Rugby's soul 'no longer for sale' thanks to bond scheme

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The Independent Online

A plan to inject more than £250m into rugby union was greeted with cautious enthusiasm yesterday. With clubs in England alone estimated to have debts of between £20m and £30m, it was no surprise that the game reacted positively to the proposal.

A plan to inject more than £250m into rugby union was greeted with cautious enthusiasm yesterday. With clubs in England alone estimated to have debts of between £20m and £30m, it was no surprise that the game reacted positively to the proposal.

Warburg Dillon Read, one of the world's leading investment banks, has been asked to investigate a possible securitisation of some of the future revenues from broadcasting rights, sponsorship deals and advertising enjoyed by the home unions in England, Ireland, Scotland and Wales. Under the proposed scheme, the unions would sell off a percentage of what they expect to raise in the form of a financial bond.

The game would benefit almost immediately. Clubs in financial straits would have much of their present burdens alleviated, while the grassroots would also benefit. Estimates of the amount that would be raised range from a conservative £250m to £600m.

The initiative for the proposals came from Dr Tony O'Reilly, the former Ireland and Lions international who is chairman of Independent News & Media, publishers of The Independent.

Fran Cotton, chairman of Club England, the Rugby Football Union committee responsible for the upper levels of the game, said: "This is a major decision in rugby history. I think £250m is the minimum. It could be as much as £500m or £600m. It will give financial strength to the unions and enable them to restructure the game from top to bottom. They will also be able to refinance the debts they have at a lower interest rate than their current borrowing.

"It will also prevent any predator coming in to take over the game. The soul of rugby is no longer for sale to anyone. Control of the game can now be retained by the law-makers rather than being handed over to investors who are looking for a return on their financial input."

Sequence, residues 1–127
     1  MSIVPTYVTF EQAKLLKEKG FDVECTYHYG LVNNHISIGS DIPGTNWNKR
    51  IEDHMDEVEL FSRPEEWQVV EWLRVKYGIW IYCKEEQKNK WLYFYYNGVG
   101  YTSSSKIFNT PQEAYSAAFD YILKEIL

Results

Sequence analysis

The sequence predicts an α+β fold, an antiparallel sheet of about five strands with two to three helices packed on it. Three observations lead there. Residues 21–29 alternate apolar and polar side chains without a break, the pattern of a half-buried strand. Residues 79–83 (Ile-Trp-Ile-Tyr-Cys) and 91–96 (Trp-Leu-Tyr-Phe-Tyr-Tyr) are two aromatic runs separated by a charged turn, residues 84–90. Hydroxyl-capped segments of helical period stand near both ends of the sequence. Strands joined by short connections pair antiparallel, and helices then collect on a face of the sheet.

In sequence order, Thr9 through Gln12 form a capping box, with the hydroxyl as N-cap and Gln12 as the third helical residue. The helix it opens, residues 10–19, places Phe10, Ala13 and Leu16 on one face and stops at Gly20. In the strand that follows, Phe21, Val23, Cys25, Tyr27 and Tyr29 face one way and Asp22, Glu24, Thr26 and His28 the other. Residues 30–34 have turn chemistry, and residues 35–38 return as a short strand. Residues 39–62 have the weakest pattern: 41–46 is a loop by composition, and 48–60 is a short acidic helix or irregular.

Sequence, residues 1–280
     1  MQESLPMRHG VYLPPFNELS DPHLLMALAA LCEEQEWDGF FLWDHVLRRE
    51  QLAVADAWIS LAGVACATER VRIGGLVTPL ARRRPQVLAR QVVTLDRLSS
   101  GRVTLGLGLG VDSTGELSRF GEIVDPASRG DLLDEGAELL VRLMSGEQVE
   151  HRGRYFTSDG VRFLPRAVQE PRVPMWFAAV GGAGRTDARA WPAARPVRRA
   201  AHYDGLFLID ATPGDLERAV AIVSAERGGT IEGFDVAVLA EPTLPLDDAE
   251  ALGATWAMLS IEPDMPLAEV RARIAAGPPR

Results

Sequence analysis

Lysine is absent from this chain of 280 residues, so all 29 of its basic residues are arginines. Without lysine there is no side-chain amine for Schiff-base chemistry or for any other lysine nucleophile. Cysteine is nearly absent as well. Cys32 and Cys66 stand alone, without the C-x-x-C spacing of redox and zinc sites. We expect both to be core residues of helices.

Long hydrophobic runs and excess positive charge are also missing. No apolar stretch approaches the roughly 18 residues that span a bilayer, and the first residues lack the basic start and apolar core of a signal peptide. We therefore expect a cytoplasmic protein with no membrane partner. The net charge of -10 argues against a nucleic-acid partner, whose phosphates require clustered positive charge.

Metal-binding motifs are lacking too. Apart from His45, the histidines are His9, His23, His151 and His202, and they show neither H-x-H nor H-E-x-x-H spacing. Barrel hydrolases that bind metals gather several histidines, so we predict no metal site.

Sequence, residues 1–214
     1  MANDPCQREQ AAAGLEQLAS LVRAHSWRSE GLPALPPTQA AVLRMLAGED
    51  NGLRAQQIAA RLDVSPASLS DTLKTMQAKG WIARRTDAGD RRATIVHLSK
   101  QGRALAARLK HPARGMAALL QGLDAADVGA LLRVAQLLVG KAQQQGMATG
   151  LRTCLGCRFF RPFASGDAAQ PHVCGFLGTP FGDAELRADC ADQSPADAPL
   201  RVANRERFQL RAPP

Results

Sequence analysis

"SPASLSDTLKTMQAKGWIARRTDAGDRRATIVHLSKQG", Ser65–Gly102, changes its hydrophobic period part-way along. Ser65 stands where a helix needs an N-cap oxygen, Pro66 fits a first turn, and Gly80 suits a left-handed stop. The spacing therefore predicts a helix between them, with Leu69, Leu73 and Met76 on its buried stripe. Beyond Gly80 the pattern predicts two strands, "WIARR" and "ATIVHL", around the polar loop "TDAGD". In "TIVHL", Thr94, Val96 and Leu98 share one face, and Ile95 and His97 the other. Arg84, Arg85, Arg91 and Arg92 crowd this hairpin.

Brian Baister, chairman of the RFU, said: "No details have been put before us on paper. We know only what our International Board representatives were told in Italy by Allan Hosie, chairman of the Six Nations committee. But when we have a formal document we will discuss it at our management board meeting on Wednesday.

"If it is viable it would give us a price on the game and would make sure we would not undersell the game, which is improving all the time. It means that it will become a seller's market when we sell the game."

News of the scheme followed the announcement last week of two similar plans for the restructuring of English rugby, one put forward by Tom Walkinshaw, the owner of Gloucester, the other by Rob Andrew, who headed an RFU-backed task force.

Cotton said: "This scheme leaves the Walkinshaw plan out of sight. There was £85m on offer from unnamed sources; we are talking of far greater sums of money with this bond. And this also shows the benefits of Rob Andrew's plan, which has laid down the requirements for a strong English team and a strong English game."

Leicester's coach, Dean Richards, a member of Andrew's working party, said: "If people are talking of that amount of money to make the game a viable product then this scheme has to be looked at very closely."

Matt Dawson, the England scrum-half, also welcomed the news. "It is encouraging that this proposal is on the table and being considered by everyone," he said. "It is better for rugby as a whole that no one gets sidetracked by individual unions or clubs. As long as clubs and unions meet somewhere in the middle it can only be good for the game."

Among other benefits, the Warburg scheme would allow the home unions to sort out the debts they have incurred in improving stadiums. The RFU, for example, is servicing a debt of £33m for Twickenham, which it is repaying at around nine per cent (£3m per year). It could, in theory, borrow the capital sum, repay the original mortgage and then repay the new loan at much-reduced interest.

The former secretary of the RFU, Tony Hallett, whose Richmond club this year became one of the victims of professionalism, said: "I wish something like this had been in place in time to help Richmond. But it still gives us a chance. I think anything that gives the game funding from grass roots up has to be very good."

He added: "There is a need to develop the game across the whole of the country and that takes cash. Right now there are pockets of the game and large tracts where there is no rugby union. This proposal will also help with the infrastructure on the developmental side with support for the youth game, the academy, and under 21s."